This is an excellent Little House book. It includes Mary Ingalls Christian testimony and is a great read like all of the rest of the Little House books.
Guest More than 1 year ago
I read the entire Little House series about 5 times since I was a little girl, and this one is by far my favorite out of all them!
Guest More than 1 year ago
I would definitely buy this book if you can! It is best for ages 8 through 16. This book is basically about a family moving to a new place and them trying to get used to it. Along the way, it is a bumpy road, but the Ingalls always work it out.
Guest More than 1 year ago
this was a truly heart warming story of love and passion. laura has an undeniable talent of making you almost envious of her fun but somewhat simple life. u find ur self learning to luv th characters mentioned
Guest More than 1 year ago
You start reading the book and you're in a trance. It amazes you with the outragiosly funny scenes and the happiness when Laura gets a teaching certificate. One of the funniest parts in the book (you will be crying it's sssooo funny) when a little door mouse eats Pa's hair!!!!!!! You get nervous and excited about the spelling bee when Laura has to spell the word: Xanthophyll. Enjoy this book while it lasts!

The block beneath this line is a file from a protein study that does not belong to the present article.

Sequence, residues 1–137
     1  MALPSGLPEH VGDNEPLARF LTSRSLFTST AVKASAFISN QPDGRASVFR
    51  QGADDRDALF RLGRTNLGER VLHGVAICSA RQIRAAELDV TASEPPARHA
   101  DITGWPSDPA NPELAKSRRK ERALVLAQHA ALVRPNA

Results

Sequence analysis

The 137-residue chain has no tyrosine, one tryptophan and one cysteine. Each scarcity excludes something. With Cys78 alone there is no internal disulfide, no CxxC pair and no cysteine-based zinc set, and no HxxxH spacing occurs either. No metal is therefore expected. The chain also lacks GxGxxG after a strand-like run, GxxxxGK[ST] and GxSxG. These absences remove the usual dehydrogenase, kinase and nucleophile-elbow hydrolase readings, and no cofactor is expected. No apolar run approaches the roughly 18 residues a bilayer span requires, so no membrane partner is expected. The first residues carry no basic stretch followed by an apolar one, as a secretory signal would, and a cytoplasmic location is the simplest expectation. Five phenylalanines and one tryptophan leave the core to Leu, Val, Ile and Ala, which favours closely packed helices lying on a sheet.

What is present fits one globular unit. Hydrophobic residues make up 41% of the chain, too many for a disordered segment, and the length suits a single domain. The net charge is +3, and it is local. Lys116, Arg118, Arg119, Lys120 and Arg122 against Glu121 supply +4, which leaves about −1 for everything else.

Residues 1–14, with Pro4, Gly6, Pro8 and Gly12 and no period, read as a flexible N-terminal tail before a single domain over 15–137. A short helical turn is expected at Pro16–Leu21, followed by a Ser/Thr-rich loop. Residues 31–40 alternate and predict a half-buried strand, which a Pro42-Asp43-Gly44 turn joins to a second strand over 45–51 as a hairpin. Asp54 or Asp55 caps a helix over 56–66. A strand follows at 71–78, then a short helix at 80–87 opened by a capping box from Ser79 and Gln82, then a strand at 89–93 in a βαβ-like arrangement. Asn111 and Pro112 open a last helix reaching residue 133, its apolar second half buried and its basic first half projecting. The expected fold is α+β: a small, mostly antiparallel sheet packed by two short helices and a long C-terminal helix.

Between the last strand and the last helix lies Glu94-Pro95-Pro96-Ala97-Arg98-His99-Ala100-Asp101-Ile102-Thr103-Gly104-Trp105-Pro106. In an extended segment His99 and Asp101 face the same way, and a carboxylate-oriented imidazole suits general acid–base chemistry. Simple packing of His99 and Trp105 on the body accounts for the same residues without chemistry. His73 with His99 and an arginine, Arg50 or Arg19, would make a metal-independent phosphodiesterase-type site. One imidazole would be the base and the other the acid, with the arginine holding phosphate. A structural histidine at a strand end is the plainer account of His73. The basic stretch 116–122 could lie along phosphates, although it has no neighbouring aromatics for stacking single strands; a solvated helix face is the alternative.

rainbowdarling on LibraryThing More than 1 year ago
At the start of Little Town on the Prairie, there seems to be a shift from the other Little House books. Where previously in the stories, Laura has been a little girl, suddenly she is taking on real work, has an interest in what her clothes and figure look like and is taking notice of the things going on in town for purely social reasons rather than what seems fun to a little girl. A lot of this story focuses around the family's intent to get Mary to a college for the blind and then about Laura's school times and the social 'whirl' of town. The stories are sweet and quaint in a way that is classic and comforting. The things that were important to girls then is so different than now, and the stories told in this book highlight that while still making it interesting for the reader who may not understand the conventions of the time.
wordygirl39 on LibraryThing More than 1 year ago
Life becomes a bit better for the Ingalls and Laura.
gillis.sarah on LibraryThing More than 1 year ago
Again, not one of my favorites, but still good.
jackiediorio on LibraryThing More than 1 year ago